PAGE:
Steps 1 & 2 above are logical but probably not politically acceptable, so lets think out of the box with a 3rd option.
There is a widely held belief that 'Buy to Let landlords snap up all the houses and push ordinary home buyers out of the market'. We would argue that the system in which we operate pushes anyone who does not have £50k spare cash and a great credit score out of the market. But whichever of these alternatives is true, lets suggest an alternative:
- Landlords invest in property because they believe it safer than equities, bonds or other financial instruments, typically because they can see and touch it
- The property they invest in is either existing or newly developed by a big developer as they are the only options
- When local councils free up land for housing, they sell it at below market value (typically) to a big developer who takes most of the profit from the build
- What if, local councils offered land, a plot at a time, to local landlords to develop?
- Instead of competing with 'young marrieds' for existing stock, we could use our '50K spare cash' plus bridging finance to build new homes and add to the stock available, which we could rent or sell but the net effect would be positive for all
- And instead of any profit being taken out of the local economy by some national builder, everything involved in the build could be a benefit to the local economy - local trades, local materials, any returns or profits spent or invested locally.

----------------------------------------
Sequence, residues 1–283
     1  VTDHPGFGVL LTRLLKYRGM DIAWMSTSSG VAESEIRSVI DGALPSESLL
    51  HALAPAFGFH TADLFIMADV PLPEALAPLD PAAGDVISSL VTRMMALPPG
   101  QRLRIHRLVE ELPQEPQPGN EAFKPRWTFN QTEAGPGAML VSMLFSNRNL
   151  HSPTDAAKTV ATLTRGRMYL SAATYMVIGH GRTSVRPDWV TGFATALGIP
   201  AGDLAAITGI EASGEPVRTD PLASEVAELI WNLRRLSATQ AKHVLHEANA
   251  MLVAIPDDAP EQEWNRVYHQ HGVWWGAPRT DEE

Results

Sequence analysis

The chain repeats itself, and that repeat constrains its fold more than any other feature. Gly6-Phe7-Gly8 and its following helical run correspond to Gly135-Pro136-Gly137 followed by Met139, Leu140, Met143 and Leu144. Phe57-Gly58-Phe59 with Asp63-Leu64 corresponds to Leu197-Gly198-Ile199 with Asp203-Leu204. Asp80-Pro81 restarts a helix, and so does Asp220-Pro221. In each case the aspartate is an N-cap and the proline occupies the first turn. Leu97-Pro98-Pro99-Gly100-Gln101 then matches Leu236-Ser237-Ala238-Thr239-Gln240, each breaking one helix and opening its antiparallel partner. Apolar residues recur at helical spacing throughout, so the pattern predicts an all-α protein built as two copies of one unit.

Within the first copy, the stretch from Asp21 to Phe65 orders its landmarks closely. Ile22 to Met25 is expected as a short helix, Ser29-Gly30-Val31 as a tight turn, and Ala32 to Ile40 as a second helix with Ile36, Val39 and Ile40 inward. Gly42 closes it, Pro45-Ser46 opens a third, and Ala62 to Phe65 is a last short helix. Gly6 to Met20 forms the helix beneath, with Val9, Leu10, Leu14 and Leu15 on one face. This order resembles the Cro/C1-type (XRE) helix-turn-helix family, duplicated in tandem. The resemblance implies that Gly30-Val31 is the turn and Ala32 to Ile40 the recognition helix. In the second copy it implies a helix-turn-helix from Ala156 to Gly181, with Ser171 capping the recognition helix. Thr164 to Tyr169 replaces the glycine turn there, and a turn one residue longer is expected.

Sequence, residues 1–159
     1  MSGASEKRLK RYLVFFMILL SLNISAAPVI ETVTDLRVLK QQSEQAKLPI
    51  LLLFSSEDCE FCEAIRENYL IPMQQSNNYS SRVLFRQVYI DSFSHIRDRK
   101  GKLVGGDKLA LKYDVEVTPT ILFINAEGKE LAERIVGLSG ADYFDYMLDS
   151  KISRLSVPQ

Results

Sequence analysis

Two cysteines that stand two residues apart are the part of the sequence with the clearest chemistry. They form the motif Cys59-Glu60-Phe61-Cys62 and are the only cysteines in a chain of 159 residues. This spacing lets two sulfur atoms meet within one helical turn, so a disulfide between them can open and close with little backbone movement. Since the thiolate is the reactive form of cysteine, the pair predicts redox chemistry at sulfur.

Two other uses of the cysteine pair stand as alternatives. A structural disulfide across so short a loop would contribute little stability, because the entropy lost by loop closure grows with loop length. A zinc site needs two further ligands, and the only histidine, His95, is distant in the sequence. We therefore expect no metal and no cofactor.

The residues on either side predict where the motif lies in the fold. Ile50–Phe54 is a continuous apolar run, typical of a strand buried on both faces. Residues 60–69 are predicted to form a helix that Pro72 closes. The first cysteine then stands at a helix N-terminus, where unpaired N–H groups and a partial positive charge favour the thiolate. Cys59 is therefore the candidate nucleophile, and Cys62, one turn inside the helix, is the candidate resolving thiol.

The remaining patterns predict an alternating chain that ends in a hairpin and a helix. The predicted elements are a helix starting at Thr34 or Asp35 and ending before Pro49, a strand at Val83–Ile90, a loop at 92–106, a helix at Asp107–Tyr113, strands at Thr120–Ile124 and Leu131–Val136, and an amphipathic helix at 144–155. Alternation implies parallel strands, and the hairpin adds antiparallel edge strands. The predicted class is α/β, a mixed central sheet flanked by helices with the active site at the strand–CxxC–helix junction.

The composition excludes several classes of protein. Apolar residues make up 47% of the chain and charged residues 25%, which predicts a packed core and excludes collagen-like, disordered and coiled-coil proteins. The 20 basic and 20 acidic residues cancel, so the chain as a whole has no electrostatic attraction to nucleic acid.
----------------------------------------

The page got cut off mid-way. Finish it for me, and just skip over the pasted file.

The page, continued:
Obviously, this is the 'landlord view' and many will ignore it because of that, so in the interest of balance, a view from young members of the local student labour group:
"The McCarthy and Stone development on the seafront consists of 97 apartments.
66 of these are classified as "assisted living" and therefore exempt from affordable housing planning obligations.
The remaining 31 apartments are classified as "retirement living" and should have been required to adhere to the 30% affordable housing planning obligation.
However, surprise surprise the developer pled poverty and submitted a secretive viability assessment which "proved" it would not be profitable enough for them to provide the 30% affordable housing.
So instead they were allowed to get away with a commuted sum of just £197,376 towards affordable housing. Which would be enough to purchase 58% of one 2 bedroom apartment in the completed development.
Absolutely scandalous if you ask me.
Read more about viability assessments and affordable housing in our recently published report which can be found here: https://portsmouthlabourparty.org.uk/affordablehousing "
We have invited the authors of this paper to come and talk to us at a future meeting.
And finally, a view on affordable housing from the Deputy Leader of PCC, Cllr. Luke Stubbs (Conservative), "Social housing is subsidised housing and someone has to pay the subsidy... even if delivered by housing associations the general recognised figure for the level of subsidy (per dwelling) is £60,000" Sounds like it is cheaper to let local landlords develop the land then... If it were an option, I would happily sell my portfolio of 'existing houses' and use the money for a series of new build properties in the city if it were an option, would you?
Written & oral information and advice from the Portsmouth & District Private Landlord's Association is given in good faith, but no responsibility whatsoever is accepted by the Association or it's officers for the accuracy of it's information & advice nor shall the Association be held responsible for the consequences of reliance upon such information.